The U.S. National Security Agency has been allowed to continue to collect phone records in bulk of people in the country, while lawmakers consider new legislation that would block the agency from collecting the data.
The government's application for reauthorization of the program for a period of 90 days was approved by the Foreign Intelligence Surveillance Court (FISC), according to a joint statement Friday by the Department of Justice and Office of the Director of National Intelligence. The government argued that it was seeking the extension as the relevant legislation has not been enacted yet.
The bulk collection of phone metadata in the U.S. by the NSA was first disclosed in June last year by former agency contractor, Edward Snowden, through news outlets.
In the wake of criticism of the surveillance program, President Barack Obama proposed in January changes in the program, including requiring that the government should not collect or hold the data in bulk, and deciding that, except in an emergency situation, the FISC will have to approve any queries to the phone records database. Obama also decided that the government should pursue phone calls that are two-steps removed from a number associated with a terrorist group, instead of the three hops previously authorized.
In March, Obama said that the data should remain with the telephone companies, but said that Congress would have to pass the appropriate legislation.
The U.S. Freedom Act, which was passed in May by the U.S. House of Representatives, addresses issues relating to access to phone records by the NSA. It now awaits consideration by the Senate.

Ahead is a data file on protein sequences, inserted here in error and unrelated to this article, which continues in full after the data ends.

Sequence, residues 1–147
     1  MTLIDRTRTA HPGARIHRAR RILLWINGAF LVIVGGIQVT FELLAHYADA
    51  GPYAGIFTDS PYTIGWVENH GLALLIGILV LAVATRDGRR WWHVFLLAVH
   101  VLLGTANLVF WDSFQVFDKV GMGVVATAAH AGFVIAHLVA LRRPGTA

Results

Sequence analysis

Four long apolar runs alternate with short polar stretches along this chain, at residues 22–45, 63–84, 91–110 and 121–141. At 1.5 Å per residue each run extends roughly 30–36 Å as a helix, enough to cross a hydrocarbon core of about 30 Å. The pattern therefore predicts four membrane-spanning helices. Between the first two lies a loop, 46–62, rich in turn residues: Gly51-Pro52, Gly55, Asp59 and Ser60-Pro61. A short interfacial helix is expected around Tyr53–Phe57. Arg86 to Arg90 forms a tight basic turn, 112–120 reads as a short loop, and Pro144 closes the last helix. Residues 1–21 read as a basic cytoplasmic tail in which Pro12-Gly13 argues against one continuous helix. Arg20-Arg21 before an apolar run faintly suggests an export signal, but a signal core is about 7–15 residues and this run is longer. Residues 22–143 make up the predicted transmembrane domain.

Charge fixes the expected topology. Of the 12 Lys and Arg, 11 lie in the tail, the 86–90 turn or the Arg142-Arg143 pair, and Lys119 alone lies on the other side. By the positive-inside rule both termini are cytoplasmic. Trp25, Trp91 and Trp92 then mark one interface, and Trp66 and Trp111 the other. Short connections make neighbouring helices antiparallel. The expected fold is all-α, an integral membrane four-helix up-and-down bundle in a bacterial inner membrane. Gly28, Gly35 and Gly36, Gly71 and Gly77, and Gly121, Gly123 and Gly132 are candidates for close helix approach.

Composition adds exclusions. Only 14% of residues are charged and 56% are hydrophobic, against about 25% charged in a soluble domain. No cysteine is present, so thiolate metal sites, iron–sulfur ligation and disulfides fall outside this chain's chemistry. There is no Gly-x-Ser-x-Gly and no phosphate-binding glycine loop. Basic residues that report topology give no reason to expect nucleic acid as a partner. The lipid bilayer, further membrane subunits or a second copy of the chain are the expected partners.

The version of the bill that was passed by the House has loopholes that could end with the NSA having the authority to continue to access phone data in bulk, according to civil rights groups.
Groups like the Electronic Frontier Foundation are, for example, concerned about the new definition of "specific selection term," which describes and limits who or what the NSA is allowed to monitor. (Originally defined in the legislation as "a term used to uniquely describe a person, entity, or account," the expression is now defined as referring to "a discrete term, such as a term specifically identifying a person, entity, account, address, or device."
The broader definition could allow for the use of broad selection terms such as a "zip code, an area code, the physical address of a particular email provider or financial institution, or the IP address of a web hosting service that hosts thousands of web sites," Kevin Bankston, policy director of the New America Foundation's Open Technology Institute, wrote in May.
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